We now approach the video game side of things! We got there eventually, right? Now, rather than just farm the property out to a known (or cheap) developer as was usually the case at the time, Malibu had their own video game workhorses to go for. Fortunately, GDRI have been on the case as usual, so we'll be using their information as a basis along with some other sources. So, Malibu Interactive themselves weren't always known by that name- they were originally Acme Interactive, founded in 1991 by Cinemaware's Bob Jacob after the collapse of the company due to, among other things, the failure of It Came from the Desert on the TurboGrafx-CD. Focusing mostly on the Mega Drive, the only games you'll find under that name are a few sports games for Sega like David Robinson's Supreme Court and Evander Holyfield's Real Deal Boxing (itself a port of 1991's ABC Wide World of Sports Boxing / TV Sports Boxing) before they were bought by what was then called Malibu Graphics Publishing Group, then becoming Malibu Comics as a whole with Acme being renamed Malibu Interactive. It's perfect, right? Why go to the trouble of finding a developer to do games based on your properties, when you can get it done yourself? Even better, alongside the founder of Cinemaware were ex-pats from veteran studio Software Creations including legendary video game music composers Tim and Geoff Follin! Under this name you're more likely to know them from the Mega Drive and Mega-CD versions of Batman Returns, but they also did the Ex-Mutants game on the Mega Drive, Dinosaurs for Hire on the Mega Drive, Cliffhanger for pretty much everything that was on, and of course, Prime on the Mega-CD.
... Except we're not talking about the California branch of Malibu Interactive when it comes to Prime. They had a UK studio (two offices, actually- one in Derby, the other in Warrington at the request of Tim Follin as seen in the earlier Game Developer link) who were at one point actively looking for applicants for "popular consoles and upcoming 32 and 64 bit technology" (Page 90). See, that's where the Software Creations staff worked, as they're from the UK too. According to GDRI's research, their list of shipped titles is much slimmer than the California branch, and one of those is The Smurfs, specifically converting it to Mega-CD. Nice. Instead, many of their games- the Mega Drive and Mega-CD versions of Time Trax and two other Malibu Comics properties we'll get to later- were cancelled before release, and that includes a SNES version of Prime. A prototype has surfaced in recent years that explains a lot (we'll have a look at that later too) but for now, it suffices to say that a lot of the assets in the SNES game were eventually used for the Mega-CD Prime game (retitled Ultraverse Prime according to the box) that did get released... Well, if 'only released bundled together with a game from a completely different developer' counts.
This is where Sony Imagesoft comes in, who were really prolific on the Mega-CD, and yes, this story is still going. They're easily up there as one of the busiest publishers on the thing! Too busy, maybe. As theorised by noted Mega-CD advocate and FMV game historian Danny of the Retro Pals, by 1994 Sony Imagesoft had two specific problems with their Mega-CD games- they had overstock of their released games, and also had games they hadn't released yet that were at least close to finished, and this includes Prime, which was advertised in the Prime comics as a standalone release (but using screenshots from the SNES game, presumably also intended to be published by Sony Imagesoft) and was due out in November 1994. By this point, the Mega-CD wasn't out the game just yet but Sony as a whole was moving towards, well, the Playstation so Sony Imagesoft came up with a quick solution to both problems, the Double Deal packs- three releases with two games in each, one in each pair being one of their overstock games, the other being previously unreleased, thus only available in these packs. Everyone wins! In the case of Prime, it would appear it missed that November date, with the only contemporary review we could find being a scathing missive from GamePro's Scary Larry in their April 1995 issue. One of the other Double Deal games, Mary Shelley's Frankenstein, was reviewed by Sega Visions in their February 1995 issue, so it's fair to put the release window of these packs around very late 1994 to early 1995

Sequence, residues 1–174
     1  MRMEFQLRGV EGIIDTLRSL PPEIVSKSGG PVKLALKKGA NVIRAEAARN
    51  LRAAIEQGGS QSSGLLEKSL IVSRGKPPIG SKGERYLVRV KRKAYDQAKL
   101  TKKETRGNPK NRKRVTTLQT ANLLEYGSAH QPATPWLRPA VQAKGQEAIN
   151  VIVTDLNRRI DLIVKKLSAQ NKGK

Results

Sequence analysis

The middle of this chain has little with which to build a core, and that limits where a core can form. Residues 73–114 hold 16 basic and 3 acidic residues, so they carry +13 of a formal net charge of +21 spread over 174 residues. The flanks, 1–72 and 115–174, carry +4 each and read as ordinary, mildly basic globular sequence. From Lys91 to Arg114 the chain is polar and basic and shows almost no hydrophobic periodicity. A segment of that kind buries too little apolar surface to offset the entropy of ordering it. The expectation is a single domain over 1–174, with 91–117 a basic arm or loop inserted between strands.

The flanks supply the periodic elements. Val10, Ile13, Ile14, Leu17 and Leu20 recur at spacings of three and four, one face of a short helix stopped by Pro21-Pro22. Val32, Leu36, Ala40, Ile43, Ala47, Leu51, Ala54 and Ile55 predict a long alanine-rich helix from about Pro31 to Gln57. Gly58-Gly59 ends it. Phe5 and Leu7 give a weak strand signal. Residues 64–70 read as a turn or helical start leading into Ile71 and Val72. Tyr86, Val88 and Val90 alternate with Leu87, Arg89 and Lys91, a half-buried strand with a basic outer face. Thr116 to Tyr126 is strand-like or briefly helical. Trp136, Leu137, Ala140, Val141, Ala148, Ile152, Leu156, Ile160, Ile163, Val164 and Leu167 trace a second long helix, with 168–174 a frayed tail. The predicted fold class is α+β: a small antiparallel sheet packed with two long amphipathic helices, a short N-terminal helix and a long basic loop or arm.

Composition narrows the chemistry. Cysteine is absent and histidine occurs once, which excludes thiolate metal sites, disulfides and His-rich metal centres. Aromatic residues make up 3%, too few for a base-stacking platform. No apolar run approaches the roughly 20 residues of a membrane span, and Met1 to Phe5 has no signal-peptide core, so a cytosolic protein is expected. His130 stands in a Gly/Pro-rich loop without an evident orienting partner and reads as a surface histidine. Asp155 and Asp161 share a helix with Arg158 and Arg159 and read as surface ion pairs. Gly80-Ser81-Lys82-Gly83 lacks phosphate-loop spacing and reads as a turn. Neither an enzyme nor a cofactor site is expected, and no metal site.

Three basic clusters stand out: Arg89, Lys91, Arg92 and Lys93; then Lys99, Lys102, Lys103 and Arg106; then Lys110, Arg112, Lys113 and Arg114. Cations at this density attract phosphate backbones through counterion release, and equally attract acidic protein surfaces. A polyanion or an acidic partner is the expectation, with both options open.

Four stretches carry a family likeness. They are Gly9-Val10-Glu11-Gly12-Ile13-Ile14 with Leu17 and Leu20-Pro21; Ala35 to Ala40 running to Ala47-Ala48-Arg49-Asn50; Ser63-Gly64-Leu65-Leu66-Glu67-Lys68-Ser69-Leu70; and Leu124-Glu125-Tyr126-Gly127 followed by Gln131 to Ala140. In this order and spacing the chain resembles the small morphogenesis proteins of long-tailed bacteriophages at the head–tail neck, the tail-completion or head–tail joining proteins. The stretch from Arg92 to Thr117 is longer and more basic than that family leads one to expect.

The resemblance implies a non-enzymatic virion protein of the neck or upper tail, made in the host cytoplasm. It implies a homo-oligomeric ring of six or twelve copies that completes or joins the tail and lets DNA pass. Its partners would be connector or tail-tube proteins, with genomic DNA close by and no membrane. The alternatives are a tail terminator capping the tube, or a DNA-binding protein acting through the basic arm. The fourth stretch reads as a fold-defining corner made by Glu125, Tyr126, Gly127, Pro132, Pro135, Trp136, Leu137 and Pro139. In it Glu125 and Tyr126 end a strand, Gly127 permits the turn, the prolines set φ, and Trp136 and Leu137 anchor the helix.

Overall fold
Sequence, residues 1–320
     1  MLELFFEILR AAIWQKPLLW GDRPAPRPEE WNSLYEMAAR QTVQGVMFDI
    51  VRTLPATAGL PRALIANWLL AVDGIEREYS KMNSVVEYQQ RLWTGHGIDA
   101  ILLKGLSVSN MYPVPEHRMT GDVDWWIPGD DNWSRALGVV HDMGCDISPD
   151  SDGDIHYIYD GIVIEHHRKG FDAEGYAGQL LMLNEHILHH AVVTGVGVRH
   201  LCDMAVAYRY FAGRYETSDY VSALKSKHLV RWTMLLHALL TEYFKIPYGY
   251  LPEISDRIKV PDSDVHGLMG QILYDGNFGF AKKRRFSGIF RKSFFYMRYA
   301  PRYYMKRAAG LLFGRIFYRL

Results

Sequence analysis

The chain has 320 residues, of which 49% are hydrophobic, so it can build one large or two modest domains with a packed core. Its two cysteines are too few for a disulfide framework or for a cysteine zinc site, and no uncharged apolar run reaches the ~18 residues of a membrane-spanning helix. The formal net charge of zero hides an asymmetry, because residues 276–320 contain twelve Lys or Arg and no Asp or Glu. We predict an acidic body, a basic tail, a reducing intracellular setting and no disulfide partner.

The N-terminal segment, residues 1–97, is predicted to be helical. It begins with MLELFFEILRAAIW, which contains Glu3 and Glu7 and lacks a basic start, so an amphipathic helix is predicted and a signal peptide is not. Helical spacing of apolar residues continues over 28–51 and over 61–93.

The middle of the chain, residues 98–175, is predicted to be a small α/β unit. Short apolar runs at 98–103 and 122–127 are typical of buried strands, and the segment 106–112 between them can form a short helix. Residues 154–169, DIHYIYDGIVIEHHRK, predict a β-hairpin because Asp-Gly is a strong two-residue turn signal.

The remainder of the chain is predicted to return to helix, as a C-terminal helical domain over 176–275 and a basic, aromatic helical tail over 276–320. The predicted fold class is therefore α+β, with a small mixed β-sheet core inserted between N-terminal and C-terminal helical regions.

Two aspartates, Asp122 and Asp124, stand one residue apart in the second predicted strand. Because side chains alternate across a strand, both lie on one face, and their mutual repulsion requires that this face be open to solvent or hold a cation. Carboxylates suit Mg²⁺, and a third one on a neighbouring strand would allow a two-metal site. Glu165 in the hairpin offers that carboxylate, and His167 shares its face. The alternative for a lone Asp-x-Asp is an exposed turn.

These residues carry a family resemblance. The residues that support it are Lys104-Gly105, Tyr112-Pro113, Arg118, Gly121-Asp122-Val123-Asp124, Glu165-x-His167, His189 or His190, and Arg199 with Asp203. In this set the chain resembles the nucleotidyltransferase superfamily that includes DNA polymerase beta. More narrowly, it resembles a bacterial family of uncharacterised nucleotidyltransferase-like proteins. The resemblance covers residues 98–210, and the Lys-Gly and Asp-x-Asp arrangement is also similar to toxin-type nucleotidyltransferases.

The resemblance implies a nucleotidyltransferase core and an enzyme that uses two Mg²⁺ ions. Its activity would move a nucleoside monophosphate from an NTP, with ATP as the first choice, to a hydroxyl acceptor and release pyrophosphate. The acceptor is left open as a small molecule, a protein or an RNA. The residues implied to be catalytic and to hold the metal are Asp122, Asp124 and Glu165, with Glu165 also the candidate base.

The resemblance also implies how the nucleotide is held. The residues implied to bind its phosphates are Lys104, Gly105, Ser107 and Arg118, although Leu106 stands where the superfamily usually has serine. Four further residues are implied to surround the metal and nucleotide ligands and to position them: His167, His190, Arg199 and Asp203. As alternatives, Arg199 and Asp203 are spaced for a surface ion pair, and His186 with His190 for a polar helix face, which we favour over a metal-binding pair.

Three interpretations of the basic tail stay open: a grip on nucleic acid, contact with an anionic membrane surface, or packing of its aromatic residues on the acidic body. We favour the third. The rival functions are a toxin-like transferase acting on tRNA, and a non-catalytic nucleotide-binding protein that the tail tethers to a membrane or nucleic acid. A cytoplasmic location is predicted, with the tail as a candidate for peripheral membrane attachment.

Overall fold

Those packs, with the previously-released game first and the new game second, were Hook / Three Ninjas Kick Back, Bram Stoker's Dracula / Mary Shelley's Frankenstein, and of course, Microcosm / Ultraverse Prime. While 3 Ninjas Kick Back seems pretty unremarkable, basically being a Mega Drive port with some extra FMV commentary from the Mori Shintaro character (most likely played by Victor Wong himself!) and extra first-person levels, the other two don't quite feel ready for mass consumption. With Frankenstein, this is more a gut feeling than anything very obvious- most noticeably, many FMV sequences in the game play out in absolute silence when you'd think they'd have sound. Ultraverse Prime though, blimey. I have nothing but sympathy for the people who worked on this, as it's clearly something they had to fix up just to get it out the door and make the best of a bad job. How it came to be this way is unclear- whether it was always intended for the Mega-CD and finished up instead of the SNES game simply because manufadturing CDs would be cheaper, or whether the SNES one was too far behind so what was done was switched over to Mega-CD with some CD-appropriate extras thrown on to sweeten the deal, we don't know. We'll never know, unless someone besides Tim Follin comes forward to take ownership of Prime. They probably won't when we start talking about the game, but let it be known- we feel for you, poor people who had to work on Prime. You have our unending sympathy.
... Now we're talking about the game. Honest.